Business consultants face new challenges as we enter year three of the COVID Pandemic and recognise that work has changed forever. As consultants, we used to have to be experts in our field, reasonably sociable, and little more. However, new skills have emerged that matter whether we consult on business, management, technology, communications systems, or human resources.
The changing face of video calls
In traditional consulting, handshakes, body language, and small talk were how we made the first impression. We made quick judgements based on clothing, office design, and hygiene, rapidly deciding how to engage for maximum effectiveness.
Now Zoom, Meet, Teams and Webex have become the norm, and the tools available have made it more difficult. Fake backgrounds, youth filters, voice augmentation, and a limited camera view distort what we experience, making our natural assumptions almost useless.
What we need to know
We still have the same desire to connect to the person. Communication becomes easier the more we know of the other person's assumptions. That’s why talking to a partner is easier than talking to a stranger at a bar. We know the beliefs, culture, philosophy, and psychology of the person we know well, so we can use fewer words and know they will fill in the rest accurately.
If we use few words with someone new, they may fill the gaps with all the wrong things, leading to miscommunication and possibly a failed relationship. If we say too much, we may overwhelm them or say a lot that they already know. So what can we do to understand them over a video call quickly?
Sherlock Holmes could take one look at a person and tell many details of their life based on their shoes, collar, a scrap of dirt under their fingernails. Modern communication works in much the same way. When you get on a video call, look carefully for clues to the person’s personality.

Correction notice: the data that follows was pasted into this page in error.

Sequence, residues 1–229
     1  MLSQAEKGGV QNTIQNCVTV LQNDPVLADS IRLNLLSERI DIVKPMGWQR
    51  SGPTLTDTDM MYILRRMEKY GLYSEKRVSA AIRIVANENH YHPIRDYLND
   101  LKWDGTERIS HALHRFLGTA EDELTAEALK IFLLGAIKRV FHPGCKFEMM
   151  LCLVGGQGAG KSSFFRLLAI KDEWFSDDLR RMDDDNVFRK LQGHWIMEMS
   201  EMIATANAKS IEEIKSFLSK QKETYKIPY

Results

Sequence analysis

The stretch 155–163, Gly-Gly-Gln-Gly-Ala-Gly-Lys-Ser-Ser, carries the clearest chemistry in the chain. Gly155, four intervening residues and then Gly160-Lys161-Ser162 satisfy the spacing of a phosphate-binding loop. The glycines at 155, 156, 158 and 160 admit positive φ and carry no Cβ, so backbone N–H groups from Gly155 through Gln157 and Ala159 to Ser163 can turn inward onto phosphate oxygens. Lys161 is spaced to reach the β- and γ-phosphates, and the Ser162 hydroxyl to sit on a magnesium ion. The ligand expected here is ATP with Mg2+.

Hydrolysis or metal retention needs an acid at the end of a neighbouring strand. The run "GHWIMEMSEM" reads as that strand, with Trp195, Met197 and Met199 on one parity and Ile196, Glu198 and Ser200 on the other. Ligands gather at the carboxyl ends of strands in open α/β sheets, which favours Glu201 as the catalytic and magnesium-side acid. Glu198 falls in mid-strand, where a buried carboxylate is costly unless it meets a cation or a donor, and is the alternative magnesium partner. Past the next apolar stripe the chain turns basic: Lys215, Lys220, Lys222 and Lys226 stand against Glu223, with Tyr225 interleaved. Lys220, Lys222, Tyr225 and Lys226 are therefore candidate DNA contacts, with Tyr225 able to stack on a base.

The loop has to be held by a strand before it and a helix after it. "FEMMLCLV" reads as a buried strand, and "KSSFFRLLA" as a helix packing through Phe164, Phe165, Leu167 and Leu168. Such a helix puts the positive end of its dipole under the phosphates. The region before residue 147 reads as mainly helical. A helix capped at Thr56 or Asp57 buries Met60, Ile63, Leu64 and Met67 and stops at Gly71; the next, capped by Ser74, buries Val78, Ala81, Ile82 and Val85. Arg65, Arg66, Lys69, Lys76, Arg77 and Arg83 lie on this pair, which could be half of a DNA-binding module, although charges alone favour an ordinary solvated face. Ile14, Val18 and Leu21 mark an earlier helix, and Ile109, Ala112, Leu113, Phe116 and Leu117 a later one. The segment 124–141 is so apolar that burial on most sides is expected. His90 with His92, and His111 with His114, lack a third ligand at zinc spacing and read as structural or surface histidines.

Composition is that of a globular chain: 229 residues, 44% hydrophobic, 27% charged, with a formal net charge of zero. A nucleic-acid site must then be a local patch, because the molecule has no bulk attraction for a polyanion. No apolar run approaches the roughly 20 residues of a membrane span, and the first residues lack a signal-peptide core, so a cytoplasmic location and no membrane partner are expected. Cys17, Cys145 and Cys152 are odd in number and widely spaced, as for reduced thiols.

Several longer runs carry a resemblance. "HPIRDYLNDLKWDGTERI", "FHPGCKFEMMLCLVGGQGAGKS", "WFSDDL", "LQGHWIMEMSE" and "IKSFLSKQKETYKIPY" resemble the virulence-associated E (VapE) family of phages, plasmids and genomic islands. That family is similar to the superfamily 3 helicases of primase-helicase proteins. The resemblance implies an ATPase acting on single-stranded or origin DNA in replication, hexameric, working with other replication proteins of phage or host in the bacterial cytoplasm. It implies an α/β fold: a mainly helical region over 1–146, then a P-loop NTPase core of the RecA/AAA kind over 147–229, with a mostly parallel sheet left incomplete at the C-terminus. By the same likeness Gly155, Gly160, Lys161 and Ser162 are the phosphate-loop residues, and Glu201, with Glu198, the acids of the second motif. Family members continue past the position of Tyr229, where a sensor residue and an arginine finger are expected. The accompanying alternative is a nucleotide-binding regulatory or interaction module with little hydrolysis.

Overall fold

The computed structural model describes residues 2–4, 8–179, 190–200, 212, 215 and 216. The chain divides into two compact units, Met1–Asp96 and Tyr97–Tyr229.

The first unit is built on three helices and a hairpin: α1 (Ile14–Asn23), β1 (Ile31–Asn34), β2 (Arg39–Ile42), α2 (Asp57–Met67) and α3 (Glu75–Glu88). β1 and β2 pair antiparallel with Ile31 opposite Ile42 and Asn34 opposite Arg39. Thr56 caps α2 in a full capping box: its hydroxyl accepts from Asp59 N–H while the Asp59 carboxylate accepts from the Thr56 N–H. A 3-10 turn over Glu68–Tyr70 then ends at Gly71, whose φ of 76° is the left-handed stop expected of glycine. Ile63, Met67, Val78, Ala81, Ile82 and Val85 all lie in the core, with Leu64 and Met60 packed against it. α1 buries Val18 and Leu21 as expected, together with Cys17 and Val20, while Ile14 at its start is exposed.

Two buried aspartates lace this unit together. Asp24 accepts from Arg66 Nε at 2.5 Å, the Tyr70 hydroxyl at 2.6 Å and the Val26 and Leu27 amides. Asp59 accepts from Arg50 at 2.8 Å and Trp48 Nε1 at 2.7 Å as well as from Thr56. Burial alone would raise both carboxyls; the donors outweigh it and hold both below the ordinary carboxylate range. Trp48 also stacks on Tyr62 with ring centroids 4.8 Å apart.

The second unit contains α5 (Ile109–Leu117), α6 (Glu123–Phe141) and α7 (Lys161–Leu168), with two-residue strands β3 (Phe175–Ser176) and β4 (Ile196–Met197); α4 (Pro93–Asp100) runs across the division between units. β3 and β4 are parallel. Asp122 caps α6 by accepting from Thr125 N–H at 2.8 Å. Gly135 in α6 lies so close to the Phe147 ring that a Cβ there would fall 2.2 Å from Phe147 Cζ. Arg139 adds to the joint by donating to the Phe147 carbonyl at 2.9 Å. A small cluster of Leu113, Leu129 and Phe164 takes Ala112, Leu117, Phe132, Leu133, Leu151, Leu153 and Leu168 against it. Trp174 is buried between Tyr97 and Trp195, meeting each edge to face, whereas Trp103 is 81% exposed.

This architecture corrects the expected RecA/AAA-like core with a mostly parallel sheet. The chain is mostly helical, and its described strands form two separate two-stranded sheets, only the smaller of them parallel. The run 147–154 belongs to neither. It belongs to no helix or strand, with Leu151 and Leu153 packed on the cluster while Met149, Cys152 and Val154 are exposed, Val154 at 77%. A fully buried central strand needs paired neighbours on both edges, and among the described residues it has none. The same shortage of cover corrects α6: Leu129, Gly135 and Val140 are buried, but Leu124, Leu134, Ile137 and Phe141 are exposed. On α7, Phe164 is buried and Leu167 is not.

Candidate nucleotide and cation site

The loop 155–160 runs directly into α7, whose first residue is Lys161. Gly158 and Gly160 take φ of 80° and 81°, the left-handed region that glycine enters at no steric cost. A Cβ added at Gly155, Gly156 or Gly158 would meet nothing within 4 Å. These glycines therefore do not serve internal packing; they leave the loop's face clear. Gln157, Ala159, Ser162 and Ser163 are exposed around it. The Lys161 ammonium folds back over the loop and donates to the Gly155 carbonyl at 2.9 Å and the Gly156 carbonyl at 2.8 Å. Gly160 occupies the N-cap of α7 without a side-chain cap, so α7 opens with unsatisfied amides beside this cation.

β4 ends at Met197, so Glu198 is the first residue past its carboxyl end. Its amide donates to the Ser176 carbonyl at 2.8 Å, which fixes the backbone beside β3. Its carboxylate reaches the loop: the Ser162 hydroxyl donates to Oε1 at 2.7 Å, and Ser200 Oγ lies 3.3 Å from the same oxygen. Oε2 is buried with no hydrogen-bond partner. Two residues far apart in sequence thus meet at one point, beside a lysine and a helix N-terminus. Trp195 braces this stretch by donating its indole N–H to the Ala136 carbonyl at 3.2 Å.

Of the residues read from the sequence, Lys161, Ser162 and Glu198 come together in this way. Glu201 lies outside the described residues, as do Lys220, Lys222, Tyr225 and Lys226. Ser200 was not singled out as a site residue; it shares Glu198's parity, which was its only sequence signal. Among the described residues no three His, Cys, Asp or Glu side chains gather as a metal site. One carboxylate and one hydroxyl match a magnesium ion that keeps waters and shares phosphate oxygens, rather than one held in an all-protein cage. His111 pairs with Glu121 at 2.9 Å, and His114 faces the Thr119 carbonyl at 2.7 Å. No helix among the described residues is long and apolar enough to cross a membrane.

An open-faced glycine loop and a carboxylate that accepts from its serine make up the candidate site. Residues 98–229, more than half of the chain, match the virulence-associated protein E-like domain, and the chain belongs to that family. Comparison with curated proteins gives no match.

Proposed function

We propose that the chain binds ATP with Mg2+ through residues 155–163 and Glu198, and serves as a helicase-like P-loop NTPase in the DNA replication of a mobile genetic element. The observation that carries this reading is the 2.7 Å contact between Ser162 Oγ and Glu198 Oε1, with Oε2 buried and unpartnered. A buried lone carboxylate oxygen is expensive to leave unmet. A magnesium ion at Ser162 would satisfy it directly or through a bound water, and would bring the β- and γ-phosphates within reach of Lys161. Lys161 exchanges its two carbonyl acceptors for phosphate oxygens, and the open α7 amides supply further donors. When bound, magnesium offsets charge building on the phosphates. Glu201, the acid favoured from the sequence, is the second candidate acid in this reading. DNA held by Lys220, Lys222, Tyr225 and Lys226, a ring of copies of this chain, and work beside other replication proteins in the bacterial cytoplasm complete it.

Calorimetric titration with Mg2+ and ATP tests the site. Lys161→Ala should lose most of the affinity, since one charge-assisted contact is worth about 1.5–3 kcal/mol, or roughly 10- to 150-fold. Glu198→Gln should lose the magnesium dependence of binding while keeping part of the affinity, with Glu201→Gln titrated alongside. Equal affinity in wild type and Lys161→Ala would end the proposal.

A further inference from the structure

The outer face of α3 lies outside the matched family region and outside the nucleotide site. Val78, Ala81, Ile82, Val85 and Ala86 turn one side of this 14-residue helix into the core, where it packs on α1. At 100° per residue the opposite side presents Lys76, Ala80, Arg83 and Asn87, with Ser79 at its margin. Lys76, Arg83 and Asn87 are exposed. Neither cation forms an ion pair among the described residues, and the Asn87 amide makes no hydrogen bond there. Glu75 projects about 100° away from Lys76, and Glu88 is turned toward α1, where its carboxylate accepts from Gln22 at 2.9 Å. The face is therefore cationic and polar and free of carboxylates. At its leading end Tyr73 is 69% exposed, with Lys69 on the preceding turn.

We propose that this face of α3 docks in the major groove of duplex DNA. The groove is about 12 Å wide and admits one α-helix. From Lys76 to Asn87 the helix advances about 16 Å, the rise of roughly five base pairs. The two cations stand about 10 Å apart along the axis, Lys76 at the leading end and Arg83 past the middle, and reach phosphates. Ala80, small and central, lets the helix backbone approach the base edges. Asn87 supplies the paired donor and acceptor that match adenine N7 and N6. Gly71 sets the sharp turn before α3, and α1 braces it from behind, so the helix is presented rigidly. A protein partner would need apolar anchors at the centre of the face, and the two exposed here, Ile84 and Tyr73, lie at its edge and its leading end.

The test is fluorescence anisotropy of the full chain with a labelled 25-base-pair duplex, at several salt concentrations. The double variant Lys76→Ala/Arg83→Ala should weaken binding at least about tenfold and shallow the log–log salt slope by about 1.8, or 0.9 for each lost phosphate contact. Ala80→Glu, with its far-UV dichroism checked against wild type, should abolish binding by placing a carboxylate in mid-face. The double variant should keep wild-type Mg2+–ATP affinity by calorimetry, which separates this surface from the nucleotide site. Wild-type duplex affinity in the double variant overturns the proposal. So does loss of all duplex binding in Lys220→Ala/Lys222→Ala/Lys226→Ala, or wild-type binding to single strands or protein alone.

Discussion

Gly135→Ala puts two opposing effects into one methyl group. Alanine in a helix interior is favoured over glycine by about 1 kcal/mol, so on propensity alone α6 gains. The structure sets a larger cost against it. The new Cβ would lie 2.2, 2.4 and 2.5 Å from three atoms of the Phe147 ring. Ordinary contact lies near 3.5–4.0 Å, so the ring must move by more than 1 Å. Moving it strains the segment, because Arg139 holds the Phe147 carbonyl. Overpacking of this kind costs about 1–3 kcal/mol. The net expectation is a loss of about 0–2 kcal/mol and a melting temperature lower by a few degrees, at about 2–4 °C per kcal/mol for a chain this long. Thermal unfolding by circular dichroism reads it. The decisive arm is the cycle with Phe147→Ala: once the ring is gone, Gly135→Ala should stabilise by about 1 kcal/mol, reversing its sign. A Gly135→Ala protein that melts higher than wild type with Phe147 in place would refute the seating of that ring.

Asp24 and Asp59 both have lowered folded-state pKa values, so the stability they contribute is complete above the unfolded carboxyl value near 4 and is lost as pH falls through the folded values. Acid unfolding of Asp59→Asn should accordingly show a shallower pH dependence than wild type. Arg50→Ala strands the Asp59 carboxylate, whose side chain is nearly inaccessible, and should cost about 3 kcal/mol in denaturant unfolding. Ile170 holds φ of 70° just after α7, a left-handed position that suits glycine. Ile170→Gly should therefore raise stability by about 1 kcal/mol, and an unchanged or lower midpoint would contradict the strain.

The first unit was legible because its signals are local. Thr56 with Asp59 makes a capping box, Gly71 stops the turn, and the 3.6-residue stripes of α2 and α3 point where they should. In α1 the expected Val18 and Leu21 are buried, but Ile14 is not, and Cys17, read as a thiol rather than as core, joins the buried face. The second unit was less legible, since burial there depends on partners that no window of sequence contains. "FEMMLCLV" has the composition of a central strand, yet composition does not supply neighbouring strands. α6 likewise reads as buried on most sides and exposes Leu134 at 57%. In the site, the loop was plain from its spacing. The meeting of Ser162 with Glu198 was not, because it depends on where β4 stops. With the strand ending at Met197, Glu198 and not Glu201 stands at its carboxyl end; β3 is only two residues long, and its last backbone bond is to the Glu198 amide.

Do they have a custom virtual background, or have they just left the bookcase filled with junk in the shot? Have they taken time to position themselves in front of the camera, or are they in the corner of the frame? Do they use a headset or sound like they are in a wind tunnel? Have they dressed for the call or just rolled out of bed and thrown on a shirt? Do they have makeup on? Have they positioned their window on the screen, so they appear to be looking into the camera, or are you getting a side view of their head as they look at you on a secondary monitor?
Answering these questions, and more like them can paint a clear opening portrait of the person’s character and the importance of the call to them.
Sherlock was also a master at asking the right question at the right time. Small talk is often maligned, but psychologists consider it a backbone skill of building relationships.
Asking questions can confirm or refute assumptions made based on the first impression. Use small talk to open them up about themselves and ideally get them to tell a story. Stories are by far the best way to get to know someone. You can tell just as much about a person based on what they say as to how they say it.
Did they speak fast or slow? Was this a story they rehearsed or came naturally? Have they told it a million times before? Did they reveal emotions or just what happened? Was it personal or about someone else? Did they self-deprecate or self-aggrandise? Who was the hero of the story?
The door opens from both sides
So to recap, observation of how they set up the call and questions to check your observations gives you insight into the other person. This is empathy. Erroneously many claim that one cannot learn empathy, but it must be innate. Even McKinsey points out that it is one of the most desired skills over the next decade but claims it is innate. We at Sesh teach it all the time. Anyone can learn it.
So you can use these Empathy techniques discussed here to start being better at reading people in the Zoom world.
Remember that just as you may ask these questions and elicit stories from others, it goes both ways, and they will be doing the same for you!
So prepare for your calls and be ready with your stories, even as you use your empathy to get a step ahead.